Practicing jobsite safety should be second nature, but ongoing training is always helpful. The OSHA Outreach Training
Program makes it easier for employers and
employees to obtain training on recognizing,
avoiding, and preventing workplace hazards
that threaten health and safety. The voluntary
training program also provides information
regarding workers’ rights, employer
responsibilities, and advice on filing complaints.
Although the program is comprehensive,
and some states and employers make it
a requirement, it does not meet training
requirements for any OSHA standards.
Through the Outreach Program, workers can
attend 10-hour or 30-hour classes conducted
by OSHA-authorized trainers. The 10-hour class
is geared for entry-level workers. The 30-hour
class is more appropriate for workers with
some degree of safety responsibility. OSHA-authorized, independent consultants, who have
been trained and certified through the OSHA
Training Institute’s (OTI) Education Center,
teach each class.
The courses have been tailored to specific
industries including construction, general
industry, and maritime, as well as a series of
15-hour-long classes designed for workers at
disaster sites. Topics for the construction course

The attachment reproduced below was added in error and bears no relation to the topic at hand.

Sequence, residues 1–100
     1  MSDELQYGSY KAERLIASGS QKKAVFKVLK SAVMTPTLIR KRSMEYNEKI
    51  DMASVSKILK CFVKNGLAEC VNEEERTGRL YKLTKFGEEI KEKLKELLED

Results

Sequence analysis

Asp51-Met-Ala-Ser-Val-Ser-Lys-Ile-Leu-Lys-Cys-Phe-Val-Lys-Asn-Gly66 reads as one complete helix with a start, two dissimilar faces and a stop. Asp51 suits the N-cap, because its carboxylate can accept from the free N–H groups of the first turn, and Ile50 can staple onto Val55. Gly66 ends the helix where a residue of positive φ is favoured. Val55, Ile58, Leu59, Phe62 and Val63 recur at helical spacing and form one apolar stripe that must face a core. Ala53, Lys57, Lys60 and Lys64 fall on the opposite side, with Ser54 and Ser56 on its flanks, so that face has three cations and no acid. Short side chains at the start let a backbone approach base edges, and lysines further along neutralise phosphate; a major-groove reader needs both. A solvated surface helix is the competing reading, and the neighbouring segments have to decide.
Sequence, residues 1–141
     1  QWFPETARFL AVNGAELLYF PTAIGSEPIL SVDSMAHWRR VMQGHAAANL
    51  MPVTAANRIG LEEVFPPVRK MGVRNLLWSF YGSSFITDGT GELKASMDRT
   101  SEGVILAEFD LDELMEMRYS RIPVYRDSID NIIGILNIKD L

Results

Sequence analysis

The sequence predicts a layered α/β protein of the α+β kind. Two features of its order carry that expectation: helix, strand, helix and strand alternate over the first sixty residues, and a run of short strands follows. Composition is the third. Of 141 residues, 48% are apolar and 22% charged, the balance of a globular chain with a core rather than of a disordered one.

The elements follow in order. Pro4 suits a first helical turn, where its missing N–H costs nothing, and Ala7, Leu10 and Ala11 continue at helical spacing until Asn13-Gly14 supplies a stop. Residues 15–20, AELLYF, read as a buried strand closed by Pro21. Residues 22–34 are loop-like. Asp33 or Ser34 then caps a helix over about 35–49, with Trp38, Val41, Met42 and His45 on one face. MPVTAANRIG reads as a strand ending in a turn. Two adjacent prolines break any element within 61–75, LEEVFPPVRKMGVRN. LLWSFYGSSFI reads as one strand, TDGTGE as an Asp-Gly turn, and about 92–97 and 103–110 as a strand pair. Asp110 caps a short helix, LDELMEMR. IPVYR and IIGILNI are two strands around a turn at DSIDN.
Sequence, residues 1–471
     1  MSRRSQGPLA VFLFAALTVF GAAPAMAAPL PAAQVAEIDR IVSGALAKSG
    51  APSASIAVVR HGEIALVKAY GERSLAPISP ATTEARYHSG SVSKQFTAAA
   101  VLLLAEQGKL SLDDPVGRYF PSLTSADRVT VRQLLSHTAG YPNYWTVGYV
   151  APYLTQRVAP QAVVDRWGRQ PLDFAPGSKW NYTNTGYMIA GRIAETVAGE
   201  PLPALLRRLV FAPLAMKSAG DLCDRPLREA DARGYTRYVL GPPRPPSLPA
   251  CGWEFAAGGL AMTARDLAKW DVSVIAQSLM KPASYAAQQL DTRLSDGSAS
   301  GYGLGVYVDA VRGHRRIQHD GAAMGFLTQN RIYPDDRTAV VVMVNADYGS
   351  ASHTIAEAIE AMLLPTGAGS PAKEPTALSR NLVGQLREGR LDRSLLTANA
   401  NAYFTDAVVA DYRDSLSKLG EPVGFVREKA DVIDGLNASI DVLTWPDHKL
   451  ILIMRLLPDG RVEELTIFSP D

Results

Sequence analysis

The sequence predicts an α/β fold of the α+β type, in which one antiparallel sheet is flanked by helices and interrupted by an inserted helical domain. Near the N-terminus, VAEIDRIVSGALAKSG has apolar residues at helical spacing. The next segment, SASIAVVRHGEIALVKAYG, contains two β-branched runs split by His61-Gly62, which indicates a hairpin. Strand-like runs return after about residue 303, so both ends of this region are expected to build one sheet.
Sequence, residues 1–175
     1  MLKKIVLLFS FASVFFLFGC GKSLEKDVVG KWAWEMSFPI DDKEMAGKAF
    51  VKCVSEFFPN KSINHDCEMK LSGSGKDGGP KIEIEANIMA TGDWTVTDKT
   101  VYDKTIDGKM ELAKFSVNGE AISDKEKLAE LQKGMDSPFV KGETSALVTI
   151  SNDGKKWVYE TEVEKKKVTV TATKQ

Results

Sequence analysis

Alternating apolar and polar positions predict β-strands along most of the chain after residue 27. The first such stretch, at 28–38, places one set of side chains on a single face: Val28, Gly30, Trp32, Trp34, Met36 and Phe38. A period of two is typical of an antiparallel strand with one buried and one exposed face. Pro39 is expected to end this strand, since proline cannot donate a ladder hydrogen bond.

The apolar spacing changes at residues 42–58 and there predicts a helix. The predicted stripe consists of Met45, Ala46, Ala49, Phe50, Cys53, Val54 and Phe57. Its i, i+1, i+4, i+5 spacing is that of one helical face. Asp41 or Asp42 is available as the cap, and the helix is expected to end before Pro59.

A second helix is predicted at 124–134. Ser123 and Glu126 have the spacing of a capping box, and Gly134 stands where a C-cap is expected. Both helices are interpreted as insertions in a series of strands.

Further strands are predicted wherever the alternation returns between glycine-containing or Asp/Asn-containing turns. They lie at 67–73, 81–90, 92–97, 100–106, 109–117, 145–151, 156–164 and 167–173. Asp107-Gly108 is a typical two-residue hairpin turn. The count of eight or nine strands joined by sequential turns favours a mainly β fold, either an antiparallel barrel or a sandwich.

include “An Introduction to OSHA,” “Managing
Safety and Health,” “Compliance
Assistance Tools,” “Training
Resources in Spanish,” and a unit
on “The Focus Four,” preventing
the injuries designated as the
four most common sources
of construction site injuries.
“Falls,” focuses on personal
arrest systems, ladder safety,
guardrails and safety nets, and
scaffold work. “Caught In Or
Between,” teaches workers to
recognize unsafe situations using
real-world accidents as examples.
“Struck By” examines nail gun safety, cranes
and rigging, and provides a Personal Protective
Equipment (PPE) checklist, as well as a series
of Toolbox Talks to engage crewmembers on
a continual basis. “Electrocution,” the last of
the four, studies real-world fatalities to help
workers recognize hazards, and features a
series of Toolbox Talks that can be used on the
jobsite to further increase hazard awareness.
CARD CARRYING SAFETY
Once a student passes a course, he is issued a
completion card, which, as of February 29, 2016,
now looks like a credit card. Non-transferrable
and secure, the cards include OSHA’s authorized
logo, a watermark to prevent copying, as well
as a unique QR code for authentication. Issued
NE W & IMPROVED OSHA’s new and improved training cards look like credit
cards and include security features that prevent forgery and tampering
for in-person training only, the trainer cards will
include the name of the trainer, the trainer’s
ID number (with expiration date), and the OTI
location where the trainer was trained. Student
cards will include the name of the student, the
name of the trainer, the issue date, and the OTI
location where the card was issued. Trainers and
students who train online will receive paper cards.
OSHA Training Institute’s (OTI) Education Center
maintains a database of authorized trainers and
students who have completed the classes.
To schedule a class, or for more information about
the OSHA Training Institute Education Center’s
Outreach Training Program, visit: https://www.